The US Court of Appeals for the Federal Circuit issued a sua sponte order regarding the impermissibility of incorporating by reference arguments from one brief into another, especially when doing so causes the brief to exceed the permitted word count. Promptu Sys. Corp. v. Comcast Cable Commc’ns, LLC, Case No. 22-1093 (Fed. Cir. Feb. 16, 2024) (Moore, CJ; Prost, Taranto, JJ.) (per curiam).
On January 11, 2024, the Federal Circuit heard oral arguments in four related cases involving Promptu and Comcast. During oral argument, the Court asked counsel for the appellee to submit a brief within 10 days, totaling no more than 10 pages, to show why he should not be sanctioned for attempting to incorporate by reference multiple pages – almost 2,000 words – of argument from the brief in one case into another, thereby causing the brief to exceed the word limit.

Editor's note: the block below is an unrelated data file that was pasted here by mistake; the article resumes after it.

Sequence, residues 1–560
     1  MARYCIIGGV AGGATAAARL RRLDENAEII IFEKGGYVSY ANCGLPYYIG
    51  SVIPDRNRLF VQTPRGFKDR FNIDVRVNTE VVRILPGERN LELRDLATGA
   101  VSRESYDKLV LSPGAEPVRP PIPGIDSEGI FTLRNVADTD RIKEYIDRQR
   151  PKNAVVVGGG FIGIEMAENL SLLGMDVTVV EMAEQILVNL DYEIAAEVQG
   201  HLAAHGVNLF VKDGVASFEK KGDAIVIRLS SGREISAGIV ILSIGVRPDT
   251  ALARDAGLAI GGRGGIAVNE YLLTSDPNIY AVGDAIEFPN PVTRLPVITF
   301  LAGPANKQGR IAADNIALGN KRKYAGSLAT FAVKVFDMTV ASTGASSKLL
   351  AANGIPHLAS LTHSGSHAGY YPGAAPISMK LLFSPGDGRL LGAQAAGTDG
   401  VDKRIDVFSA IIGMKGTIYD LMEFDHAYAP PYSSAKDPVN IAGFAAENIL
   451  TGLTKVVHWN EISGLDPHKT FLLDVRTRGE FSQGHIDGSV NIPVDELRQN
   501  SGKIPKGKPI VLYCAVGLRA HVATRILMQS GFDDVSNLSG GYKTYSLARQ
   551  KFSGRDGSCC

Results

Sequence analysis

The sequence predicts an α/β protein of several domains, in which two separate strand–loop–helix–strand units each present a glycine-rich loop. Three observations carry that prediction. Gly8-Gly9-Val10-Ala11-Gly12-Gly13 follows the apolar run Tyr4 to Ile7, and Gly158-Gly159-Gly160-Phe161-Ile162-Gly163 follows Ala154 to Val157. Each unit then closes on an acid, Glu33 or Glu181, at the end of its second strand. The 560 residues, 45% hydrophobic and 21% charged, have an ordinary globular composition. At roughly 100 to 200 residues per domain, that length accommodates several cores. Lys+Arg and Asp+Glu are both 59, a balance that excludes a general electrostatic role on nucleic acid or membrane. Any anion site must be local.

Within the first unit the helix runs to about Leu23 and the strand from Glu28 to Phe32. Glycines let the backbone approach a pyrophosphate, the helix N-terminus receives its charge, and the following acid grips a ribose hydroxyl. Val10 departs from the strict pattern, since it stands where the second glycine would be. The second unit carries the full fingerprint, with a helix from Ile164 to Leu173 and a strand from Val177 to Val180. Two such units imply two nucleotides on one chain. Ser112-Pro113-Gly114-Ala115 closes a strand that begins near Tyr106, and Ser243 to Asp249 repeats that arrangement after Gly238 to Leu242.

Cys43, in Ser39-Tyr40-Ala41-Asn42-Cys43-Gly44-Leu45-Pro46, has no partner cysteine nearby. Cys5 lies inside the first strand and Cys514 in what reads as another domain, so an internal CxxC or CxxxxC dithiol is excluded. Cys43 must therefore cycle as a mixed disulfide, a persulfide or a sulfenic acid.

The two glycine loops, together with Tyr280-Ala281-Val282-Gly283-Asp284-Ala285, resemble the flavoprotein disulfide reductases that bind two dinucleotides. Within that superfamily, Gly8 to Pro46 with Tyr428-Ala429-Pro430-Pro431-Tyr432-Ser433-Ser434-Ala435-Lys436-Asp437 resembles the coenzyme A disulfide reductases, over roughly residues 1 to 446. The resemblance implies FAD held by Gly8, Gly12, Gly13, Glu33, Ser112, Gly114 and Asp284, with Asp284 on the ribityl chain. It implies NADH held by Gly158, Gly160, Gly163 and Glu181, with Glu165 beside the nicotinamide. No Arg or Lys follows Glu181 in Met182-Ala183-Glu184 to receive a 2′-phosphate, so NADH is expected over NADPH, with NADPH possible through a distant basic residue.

The Federal Circuit recounted that it has “repeatedly held” that incorporating by reference to exceed word count is not permitted, citing its holdings on this issue in Microsoft v. DataTern (2014) and more recently in Medtronic v. Teleflex Life Sciences (2023). Appellee counsel responded that he was unaware of the Microsoft decision until the appellant’s reply brief had already been filed. The Court accepted his assertion but noted with disapproval that the precedential Microsoft decision admonished “the exact same law firm before us now for the exact same behavior,” and that once made aware of the Microsoft decision, counsel did nothing to remedy the impropriety.
Practice Note: The Federal Circuit did not award sanctions against appellate counsel but sternly warned future litigants that it is improper to incorporate by reference arguments from one brief into another unless in compliance with Fed. R. App. P. 28, and that such incorporation is never permitted if it results in exceeding the applicable word limit. The Court stated that going forward, such a violation “will likely result in [an award of] sanctions.”